It is also crucial for the Rams’ monster incoming class to mesh with the core returnees. Manny Suarez and Antwoine Anderson both sat out last season as partial qualifiers and should see significant minutes among Fordham’s seven newbies (Suarez didn’t play in Canada but during last year’s A-10 media day, Pecora thought Suarez “will probably play a lot at the ‘4’”). Eric Paschall, the 6’6″ freshman forward, has been hyped ever since he eschewed higher profile programs to commit to Fordham, and while he will be an immediate starter, the two frosh who could surprise are Zarkovic and Christian Sengfelder. Fordham’s greatest asset is their backcourt depth, and should Pecora go small (and use Paschall as a wing), the 6’3″ Zarkovic could see significant playing time. Sengfelder, who stands 6’7″, would be the ‘5’ in a small lineup and came close to averaging a double-double during the Canada trip.
The three transfers weren’t going to see many minutes in 2014-15, but the one loss that does weaken the frontcourt depth is Ryan Canty. The 6’9″ senior is a fascinating, and also confounding, player. There aren’t many bigs that outwork Canty on the glass, and when he is on the court, chances are that defensive board, or that missed three, will be hauled in by Canty. He never can play enough minutes because he always picks up small fouls — and often in succession. Before Fordham crossed the border, though, Pecora announced Canty had to undergo back surgery and didn’t set a timetable for recovery, which could mean the senior will medically redshirt this year.
Pecora certainly scheduled like his fairly young team is ready to escape the conference basement — before A-10 play begins, Fordham plays Penn State, Maryland, and Siena (the Rams also play Manhattan and St. John’s, but those series are historic). The most interesting non-conference match could be against the Terrapins; despite multiple transfers this offseason, Maryland returns a solid core of Dez Wells, Jake Layman, and Evan Smotrycz, and would be a season-defining victory.
What could hold Fordham from rising up the A10 rankings, though, is their defense. It was horrendous in 2014 — and that perhaps isn’t strong enough. Pecora doesn’t like to chase teams from the three-point line. He often cedes the long-range shot with the intention of locking down the paint through defensive boards and blocks, but everything was too easy last year. Opponents not only made nearly 40% of their threes, they also converted 53% of their twos, and since Pecora’s defensive strategy eschews pressuring the ball, A-10 teams didn’t have to try very hard to score. Canty’s consistent foul trouble meant Rhoomes was often the sole Ram attacking the defensive glass, and now that Canty is sidelined indefinitely, controlling the interior is even more essential.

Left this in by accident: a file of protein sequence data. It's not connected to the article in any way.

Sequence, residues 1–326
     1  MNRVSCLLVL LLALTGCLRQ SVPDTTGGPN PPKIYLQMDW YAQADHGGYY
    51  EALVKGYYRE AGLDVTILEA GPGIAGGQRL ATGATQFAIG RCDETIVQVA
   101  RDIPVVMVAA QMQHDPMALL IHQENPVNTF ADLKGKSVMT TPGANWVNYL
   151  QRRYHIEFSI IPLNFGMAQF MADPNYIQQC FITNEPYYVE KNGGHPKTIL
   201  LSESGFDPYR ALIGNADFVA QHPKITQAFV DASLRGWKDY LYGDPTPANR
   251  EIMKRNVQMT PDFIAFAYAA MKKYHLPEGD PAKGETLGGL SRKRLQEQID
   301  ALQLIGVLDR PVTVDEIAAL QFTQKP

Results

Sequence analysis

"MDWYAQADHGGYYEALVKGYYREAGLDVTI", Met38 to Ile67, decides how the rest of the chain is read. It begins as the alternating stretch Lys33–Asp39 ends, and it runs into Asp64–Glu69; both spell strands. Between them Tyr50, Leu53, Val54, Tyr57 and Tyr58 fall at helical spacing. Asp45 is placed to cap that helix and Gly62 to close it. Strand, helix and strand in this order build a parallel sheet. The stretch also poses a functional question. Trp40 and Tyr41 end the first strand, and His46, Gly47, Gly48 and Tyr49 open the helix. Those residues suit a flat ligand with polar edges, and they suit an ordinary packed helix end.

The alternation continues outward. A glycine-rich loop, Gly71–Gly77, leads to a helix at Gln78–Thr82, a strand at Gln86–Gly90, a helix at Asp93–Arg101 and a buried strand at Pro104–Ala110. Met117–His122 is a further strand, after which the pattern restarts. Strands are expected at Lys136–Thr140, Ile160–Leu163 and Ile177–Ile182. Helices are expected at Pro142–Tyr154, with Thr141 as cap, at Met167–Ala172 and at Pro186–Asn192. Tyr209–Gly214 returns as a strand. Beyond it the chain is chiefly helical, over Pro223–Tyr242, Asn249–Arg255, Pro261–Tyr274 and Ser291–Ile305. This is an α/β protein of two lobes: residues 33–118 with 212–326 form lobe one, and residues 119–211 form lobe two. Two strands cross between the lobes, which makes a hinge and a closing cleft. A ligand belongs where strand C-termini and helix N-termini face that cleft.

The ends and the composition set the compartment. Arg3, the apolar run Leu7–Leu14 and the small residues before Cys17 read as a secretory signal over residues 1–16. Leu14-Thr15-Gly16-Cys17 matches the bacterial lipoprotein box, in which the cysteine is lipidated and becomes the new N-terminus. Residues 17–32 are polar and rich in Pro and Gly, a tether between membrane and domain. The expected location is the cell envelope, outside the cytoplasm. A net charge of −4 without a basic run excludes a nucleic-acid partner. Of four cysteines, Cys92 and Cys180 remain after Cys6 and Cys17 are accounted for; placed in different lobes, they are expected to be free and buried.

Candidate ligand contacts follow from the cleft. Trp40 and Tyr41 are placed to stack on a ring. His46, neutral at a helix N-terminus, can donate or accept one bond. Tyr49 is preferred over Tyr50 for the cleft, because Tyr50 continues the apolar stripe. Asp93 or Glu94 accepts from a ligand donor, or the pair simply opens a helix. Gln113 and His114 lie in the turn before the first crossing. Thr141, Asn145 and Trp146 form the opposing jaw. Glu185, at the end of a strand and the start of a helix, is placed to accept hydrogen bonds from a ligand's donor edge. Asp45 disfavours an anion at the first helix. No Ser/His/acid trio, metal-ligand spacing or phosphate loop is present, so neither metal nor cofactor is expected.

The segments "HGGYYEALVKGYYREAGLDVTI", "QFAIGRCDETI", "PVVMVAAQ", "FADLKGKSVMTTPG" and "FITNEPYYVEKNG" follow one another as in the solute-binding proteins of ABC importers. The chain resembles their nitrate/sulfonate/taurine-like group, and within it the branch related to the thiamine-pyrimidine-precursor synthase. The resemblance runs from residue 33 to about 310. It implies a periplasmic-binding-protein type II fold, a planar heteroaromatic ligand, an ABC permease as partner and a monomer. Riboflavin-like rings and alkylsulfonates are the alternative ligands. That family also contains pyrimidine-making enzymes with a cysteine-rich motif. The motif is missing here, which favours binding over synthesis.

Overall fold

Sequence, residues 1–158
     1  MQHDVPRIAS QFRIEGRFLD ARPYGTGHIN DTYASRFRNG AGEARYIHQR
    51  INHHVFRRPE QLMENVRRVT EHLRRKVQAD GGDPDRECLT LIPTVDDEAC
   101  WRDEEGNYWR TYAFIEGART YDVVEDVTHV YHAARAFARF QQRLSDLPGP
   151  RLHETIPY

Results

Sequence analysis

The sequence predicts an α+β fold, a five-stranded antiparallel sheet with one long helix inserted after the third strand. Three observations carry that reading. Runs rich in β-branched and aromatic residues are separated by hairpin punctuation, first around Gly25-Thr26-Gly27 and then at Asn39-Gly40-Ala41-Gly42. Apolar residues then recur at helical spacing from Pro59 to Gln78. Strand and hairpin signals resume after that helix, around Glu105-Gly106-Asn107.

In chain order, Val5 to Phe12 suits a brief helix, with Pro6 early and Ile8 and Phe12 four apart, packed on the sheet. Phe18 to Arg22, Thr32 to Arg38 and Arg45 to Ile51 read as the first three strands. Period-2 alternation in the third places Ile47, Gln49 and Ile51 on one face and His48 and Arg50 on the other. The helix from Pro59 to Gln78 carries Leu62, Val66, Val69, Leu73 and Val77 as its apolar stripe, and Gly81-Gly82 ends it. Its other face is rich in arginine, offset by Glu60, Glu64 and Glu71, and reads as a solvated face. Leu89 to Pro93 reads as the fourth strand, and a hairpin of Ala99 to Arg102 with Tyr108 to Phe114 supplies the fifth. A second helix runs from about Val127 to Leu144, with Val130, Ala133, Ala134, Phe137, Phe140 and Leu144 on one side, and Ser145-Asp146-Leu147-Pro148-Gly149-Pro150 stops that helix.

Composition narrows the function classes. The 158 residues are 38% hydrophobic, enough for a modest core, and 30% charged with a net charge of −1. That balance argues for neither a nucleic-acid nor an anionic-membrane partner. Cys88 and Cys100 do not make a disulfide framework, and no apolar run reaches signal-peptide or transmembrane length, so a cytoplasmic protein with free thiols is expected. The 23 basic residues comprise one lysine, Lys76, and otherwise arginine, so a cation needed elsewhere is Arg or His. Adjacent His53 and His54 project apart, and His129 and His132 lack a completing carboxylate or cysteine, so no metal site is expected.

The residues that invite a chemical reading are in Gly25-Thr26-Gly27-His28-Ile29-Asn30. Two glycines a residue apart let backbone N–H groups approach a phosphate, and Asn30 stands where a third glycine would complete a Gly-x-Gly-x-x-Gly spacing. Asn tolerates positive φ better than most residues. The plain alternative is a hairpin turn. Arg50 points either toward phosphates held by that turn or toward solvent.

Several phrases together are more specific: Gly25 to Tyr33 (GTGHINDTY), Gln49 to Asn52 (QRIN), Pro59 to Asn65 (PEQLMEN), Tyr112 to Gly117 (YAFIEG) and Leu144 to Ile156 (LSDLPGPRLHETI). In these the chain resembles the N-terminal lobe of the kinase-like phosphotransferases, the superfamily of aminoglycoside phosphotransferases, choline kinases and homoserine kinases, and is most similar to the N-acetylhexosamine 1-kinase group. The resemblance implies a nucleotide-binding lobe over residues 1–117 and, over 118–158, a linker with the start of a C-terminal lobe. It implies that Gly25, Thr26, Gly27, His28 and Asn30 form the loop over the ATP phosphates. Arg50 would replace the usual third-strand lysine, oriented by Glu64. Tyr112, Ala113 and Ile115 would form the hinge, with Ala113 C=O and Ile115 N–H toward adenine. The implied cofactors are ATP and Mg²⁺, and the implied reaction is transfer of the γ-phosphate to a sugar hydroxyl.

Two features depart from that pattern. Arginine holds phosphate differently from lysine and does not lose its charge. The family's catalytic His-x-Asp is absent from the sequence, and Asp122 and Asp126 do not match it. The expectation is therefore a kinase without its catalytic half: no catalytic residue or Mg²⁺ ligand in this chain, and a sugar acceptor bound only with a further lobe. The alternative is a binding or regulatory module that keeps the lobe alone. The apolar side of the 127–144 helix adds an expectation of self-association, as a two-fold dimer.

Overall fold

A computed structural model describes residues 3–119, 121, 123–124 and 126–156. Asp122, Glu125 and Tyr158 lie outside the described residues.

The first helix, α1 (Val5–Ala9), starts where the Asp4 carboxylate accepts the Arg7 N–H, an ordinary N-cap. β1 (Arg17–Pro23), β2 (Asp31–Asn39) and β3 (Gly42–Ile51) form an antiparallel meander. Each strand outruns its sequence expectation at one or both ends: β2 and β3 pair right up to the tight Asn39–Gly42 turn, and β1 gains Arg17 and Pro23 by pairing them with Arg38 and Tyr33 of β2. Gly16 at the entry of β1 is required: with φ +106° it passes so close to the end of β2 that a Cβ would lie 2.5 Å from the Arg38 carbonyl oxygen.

The four games in Canada, though, provide some insight into how Fordham plans to rebuild their defense. Through the first two games, Pecora deployed a large lineup, using Sengfelder, Rhoomes, and Paschall in the frontcourt. Not only was the trio imposing, grabbing 72% of the available defensive rebounds, but Fordham allowed the two teams to score just .73 points per possession. While that OPPP must be weighted in light of the Rams’ 22-point blow-out, it is abundantly clear Pecora hopes his beefed-up interior can rejuvenate the squad’s defense. It is worth a contrast — in the third Canadian contest, Pecora went with a smaller lineup featuring Anderson, Severe, and Zarkovic as starters, and the opponent’s PPP rose to .95.
The pieces are there for Fordham to be a top ten A-10 squad this year. Saint Louis was gutted by exhausted eligibilities, as was newcomer Davidson. The team’s offense is dynamic enough that if Fordham can stay in front of their opponents, the Rams could surprise a few A-10 foes this season, and while Fordham certainly won’t contend for a conference title, they should win more than three A-10 games, a feat that hasn’t happened in six years.
Matt Giles covers the Big East conference, as well as other conferences, for Big Apple Buckets. You can follow Matt on Twitter @hudsongiles.